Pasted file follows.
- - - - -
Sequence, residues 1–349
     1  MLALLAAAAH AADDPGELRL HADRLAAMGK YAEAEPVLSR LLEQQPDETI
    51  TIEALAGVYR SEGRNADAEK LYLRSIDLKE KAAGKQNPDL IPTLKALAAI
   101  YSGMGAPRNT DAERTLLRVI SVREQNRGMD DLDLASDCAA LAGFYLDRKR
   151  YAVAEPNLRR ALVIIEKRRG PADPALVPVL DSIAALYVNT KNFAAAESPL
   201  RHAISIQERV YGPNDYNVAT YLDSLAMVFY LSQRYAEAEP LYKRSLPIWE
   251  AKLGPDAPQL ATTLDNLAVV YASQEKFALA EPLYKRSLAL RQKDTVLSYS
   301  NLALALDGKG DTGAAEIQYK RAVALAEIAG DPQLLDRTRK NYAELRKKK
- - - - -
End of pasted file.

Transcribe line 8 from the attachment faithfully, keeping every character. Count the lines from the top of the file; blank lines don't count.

   301  NLALALDGKG DTGAAEIQYK RAVALAEIAG DPQLLDRTRK NYAELRKKK